UK vs Smith & Nephew, March 2020, Court of Appeal, Case No A3/2019/0521

In the case of HMRC v Smith & Nephew Overseas Ltd, consideration was given to the “fairly represent” requirement in the loan relationship code.

The dispute concerns each of the Smith & Nephew’s entitlement to set off foreign exchange losses against their liability to corporation tax. The exchanges loss arose as a result of Smith & Nephews changing their functional accounting currencies from sterling to US dollars on 23 December 2008 at a time when the only asset on their balance sheets was a very substantial inter-company debt owed to them by their parent company. The debts were denominated in sterling but then had to be converted into dollars when the companies’ accounts were restated in dollars. The next day, the debts were disposed of as part of a group restructuring. The exchange losses arose from Smith & Nephew’s ‘loan relationships’ as that term is used in Chapter 2 of Part IV of the Finance Act 1996 (‘Chapter 2’).

  • Section 80 provides that all profits and gains arising to a company from its loan relationships should be chargeable to tax as income in accordance with Chapter 2. It provides also that the Chapter has effect for the purpose of determining how any deficit on a company’s loan relationships is to be brought into account.
  • Section 81 defines ‘loan relationship’ for the purposes of the Corporation Tax Acts. A loan relationship exists whenever a company stands in the position of a creditor or debtor as respects any money debt and that debt is one arising from a transaction for lending money.
  • Section 82 sets out the method for bringing into account any gains or deficits arising from the company’s loan relationships and provides that those gains and deficits shall be computed in accordance with section 82, using the credits and debits given for the accounting period in question by the provisions of Chapter 2.
  • Section 84 then provides for what debits and credits are to be brought into account in respect of the company’s loan relationships. It provides that the credits and debits to be brought into account shall be the sums which when taken together ‘fairly represent’ all profits, gains and losses of the company arising from its loan relationships. As originally enacted, section 84 did not cover gains and losses arising from fluctuations in currency exchange rates as they affected a company’s loan relationships.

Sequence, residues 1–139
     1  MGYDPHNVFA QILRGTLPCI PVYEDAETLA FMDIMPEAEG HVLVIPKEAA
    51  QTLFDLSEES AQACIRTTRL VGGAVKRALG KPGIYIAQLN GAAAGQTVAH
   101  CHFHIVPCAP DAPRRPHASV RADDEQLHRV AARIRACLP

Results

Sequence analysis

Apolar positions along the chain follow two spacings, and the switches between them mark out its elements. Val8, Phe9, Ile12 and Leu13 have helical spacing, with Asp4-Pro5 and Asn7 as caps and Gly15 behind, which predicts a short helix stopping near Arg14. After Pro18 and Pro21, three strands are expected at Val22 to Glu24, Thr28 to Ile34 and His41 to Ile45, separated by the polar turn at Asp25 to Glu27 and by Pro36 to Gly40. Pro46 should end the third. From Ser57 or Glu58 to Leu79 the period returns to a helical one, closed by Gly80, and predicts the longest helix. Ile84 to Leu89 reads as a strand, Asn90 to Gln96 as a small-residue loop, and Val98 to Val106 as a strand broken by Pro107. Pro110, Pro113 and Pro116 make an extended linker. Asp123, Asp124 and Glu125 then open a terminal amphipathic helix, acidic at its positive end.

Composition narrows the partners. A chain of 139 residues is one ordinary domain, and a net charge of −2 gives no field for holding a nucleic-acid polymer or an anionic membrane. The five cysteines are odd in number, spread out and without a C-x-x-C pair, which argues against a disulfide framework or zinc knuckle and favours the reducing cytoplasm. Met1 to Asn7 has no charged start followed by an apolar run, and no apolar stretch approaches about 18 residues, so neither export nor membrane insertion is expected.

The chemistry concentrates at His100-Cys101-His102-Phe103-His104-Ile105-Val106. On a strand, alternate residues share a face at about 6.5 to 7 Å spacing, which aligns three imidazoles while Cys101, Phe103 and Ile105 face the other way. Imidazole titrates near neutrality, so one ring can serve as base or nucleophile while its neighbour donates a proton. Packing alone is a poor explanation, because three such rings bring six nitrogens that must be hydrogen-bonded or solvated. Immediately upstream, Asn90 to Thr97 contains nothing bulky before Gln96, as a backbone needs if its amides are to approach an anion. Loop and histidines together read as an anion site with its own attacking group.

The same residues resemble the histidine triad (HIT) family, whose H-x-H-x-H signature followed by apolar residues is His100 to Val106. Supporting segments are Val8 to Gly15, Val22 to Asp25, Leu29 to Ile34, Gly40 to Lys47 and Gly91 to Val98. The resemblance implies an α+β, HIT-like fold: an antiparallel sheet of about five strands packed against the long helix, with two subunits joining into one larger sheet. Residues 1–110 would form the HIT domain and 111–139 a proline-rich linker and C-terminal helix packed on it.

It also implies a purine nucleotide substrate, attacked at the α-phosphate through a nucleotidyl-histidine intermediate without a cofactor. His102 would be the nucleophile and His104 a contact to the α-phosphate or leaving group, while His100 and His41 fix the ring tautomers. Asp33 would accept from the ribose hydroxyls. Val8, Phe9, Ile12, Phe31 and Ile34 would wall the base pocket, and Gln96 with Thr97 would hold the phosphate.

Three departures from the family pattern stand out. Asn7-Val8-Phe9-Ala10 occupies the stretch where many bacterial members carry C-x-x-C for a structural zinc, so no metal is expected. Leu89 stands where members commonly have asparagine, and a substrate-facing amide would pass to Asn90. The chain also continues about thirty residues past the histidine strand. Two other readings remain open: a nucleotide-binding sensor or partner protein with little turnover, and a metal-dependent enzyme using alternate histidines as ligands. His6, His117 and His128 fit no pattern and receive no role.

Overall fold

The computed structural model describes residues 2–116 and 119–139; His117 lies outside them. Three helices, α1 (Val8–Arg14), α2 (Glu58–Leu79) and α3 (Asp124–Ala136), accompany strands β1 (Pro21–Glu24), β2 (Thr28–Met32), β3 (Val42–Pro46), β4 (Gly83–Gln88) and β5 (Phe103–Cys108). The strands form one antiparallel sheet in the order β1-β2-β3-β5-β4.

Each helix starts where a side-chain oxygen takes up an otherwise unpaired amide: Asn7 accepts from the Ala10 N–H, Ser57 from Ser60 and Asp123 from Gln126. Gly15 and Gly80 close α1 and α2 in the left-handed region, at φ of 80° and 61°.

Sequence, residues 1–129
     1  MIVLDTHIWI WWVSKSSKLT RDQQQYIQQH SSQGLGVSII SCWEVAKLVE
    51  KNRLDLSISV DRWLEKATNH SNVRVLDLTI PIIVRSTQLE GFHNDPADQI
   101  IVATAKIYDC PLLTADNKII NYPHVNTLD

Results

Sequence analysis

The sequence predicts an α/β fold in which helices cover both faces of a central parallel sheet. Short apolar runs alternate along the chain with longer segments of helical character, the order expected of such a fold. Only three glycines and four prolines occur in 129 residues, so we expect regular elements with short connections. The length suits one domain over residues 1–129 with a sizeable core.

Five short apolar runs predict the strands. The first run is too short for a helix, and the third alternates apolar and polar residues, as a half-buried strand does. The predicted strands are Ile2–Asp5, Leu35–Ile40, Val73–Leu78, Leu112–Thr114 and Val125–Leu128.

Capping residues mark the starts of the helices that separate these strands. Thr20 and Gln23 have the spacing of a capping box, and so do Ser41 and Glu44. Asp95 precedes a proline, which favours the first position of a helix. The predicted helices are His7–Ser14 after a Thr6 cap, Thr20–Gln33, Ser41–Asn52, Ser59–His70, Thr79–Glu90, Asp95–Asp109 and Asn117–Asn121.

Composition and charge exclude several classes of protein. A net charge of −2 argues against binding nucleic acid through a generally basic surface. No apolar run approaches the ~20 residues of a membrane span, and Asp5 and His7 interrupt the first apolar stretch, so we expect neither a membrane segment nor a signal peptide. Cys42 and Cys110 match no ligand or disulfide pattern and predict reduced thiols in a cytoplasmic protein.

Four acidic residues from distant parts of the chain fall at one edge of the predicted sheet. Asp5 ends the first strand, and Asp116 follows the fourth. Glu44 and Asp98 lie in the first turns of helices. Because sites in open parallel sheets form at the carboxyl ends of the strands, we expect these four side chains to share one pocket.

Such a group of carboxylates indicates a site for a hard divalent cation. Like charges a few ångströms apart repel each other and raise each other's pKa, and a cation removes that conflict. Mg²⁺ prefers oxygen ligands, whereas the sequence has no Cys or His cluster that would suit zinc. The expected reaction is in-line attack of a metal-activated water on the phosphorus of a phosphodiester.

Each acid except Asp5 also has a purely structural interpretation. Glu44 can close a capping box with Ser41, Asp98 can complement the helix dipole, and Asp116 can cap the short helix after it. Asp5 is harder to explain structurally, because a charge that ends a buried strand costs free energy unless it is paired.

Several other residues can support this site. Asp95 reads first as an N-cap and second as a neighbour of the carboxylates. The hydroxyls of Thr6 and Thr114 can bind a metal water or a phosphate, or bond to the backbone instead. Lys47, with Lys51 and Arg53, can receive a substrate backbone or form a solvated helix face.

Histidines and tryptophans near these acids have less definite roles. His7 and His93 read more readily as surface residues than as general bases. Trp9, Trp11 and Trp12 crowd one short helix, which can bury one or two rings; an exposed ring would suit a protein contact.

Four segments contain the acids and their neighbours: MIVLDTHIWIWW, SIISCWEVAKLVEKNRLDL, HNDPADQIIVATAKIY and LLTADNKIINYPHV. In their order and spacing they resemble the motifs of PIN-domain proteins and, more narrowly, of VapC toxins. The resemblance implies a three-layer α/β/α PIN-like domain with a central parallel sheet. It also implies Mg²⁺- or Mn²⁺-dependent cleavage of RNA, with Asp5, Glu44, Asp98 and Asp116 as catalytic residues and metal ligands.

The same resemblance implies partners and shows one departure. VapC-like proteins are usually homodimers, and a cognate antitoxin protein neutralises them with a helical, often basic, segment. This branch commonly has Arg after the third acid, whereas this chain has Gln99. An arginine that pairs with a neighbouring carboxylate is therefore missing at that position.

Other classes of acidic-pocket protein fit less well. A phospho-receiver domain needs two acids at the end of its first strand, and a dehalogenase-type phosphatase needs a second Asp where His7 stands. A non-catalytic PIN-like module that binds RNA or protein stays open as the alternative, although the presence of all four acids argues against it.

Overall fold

• The Finance Act 2002 introduced section 84A to deal with exchange gains and losses arising from loan relationships. Section 84A provides, broadly, that exchange gains and losses are included in the references in section 84 to profits, gains and losses arising from its loan relationships. The term ‘exchange gains and losses’ is defined by section 103(1A), which was also introduced by the Finance Act 2002.
  • Section 84A(3), however, excepted certain exchange gains and losses so that they were not included in the credits and debits covered by section 84. The category of exchange gains or losses to which section 84A does not apply because of section 84A(3) include those which fall within either section 84A(3)(a) or (b) and which are recognised in the company’s statement of total recognised gains and losses (‘STRGL’), rather than in its profit and loss account. Section 84A conferred on HM Treasury a regulation-making power to bring into account in prescribed circumstances amounts which are taken out of the regime by section 84A(3). HM Treasury exercised that power in 2002 making regulations which covered, amongst other things, the disposal of loan relationships in respect of which exchange gains and losses have been recognised in the company’s STRGL.

The question was whether, if applicable to exchange losses, the losses satisfied the ‘fairly represent-test’

On that issue the court refered to the GDF Suez judgement where the following reasoning was provided:

I agree with HMRC’s submission that the presence or absence of a tax avoidance purpose should not be determinative. Although the Court in GDF Suez explained how the amendments to the loan relationships regime in 2004 and 2006 were prompted by the desire to close loopholes and prevent tax avoidance, the wording of the statute does not refer to tax avoidance as a yardstick. It is not correct to give the ‘fairly represent’ test a limited meaning by regarding tax avoidance as the paradigm situation where the test would not be met. The test may well be failed in a case where there is an avoidance motive but where the more specific provisions directed at preventing avoidance do not, for whatever reason, apply. However, the override is not limited to that situation since it is intended to operate in favour of the taxpayer as well as in favour of HMRC. It may lead, for example, to profits being left out of account for tax purposes even though they are included in the company’s accounts in accordance with GAAP. I also agree that the presence or absence of an ‘asymmetry’ of the tax treatment of a transaction when looked at from the perspective of the counterparties is not a factor that need be present in every case where the override is triggered. It so happens that asymmetry was a factor both in GDF Suez and in the earlier case of DCC Holdings (UK) Ltd v Revenue and Customs Commissioners [2010] UKSC 58, [2011] 1 WLR 44. That does not mean, in my view, that the absence of an asymmetry in any subsequent case militates against the override being triggered. Finally, I agree with Mr Gibbon [counsel for HMRC] that the hurdle of ‘manifest absurdity’ which the Upper Tribunal appears to have applied before triggering the ‘fairly represent’ override is too stringent test. The true analysis is that section 84(1) is engaged wherever fair representation would not otherwise be achieved.

HMRC’s  appeal was dismissed by the Court.

 

 

UK vs SMITH & NEPHEW cout of appeal 030320

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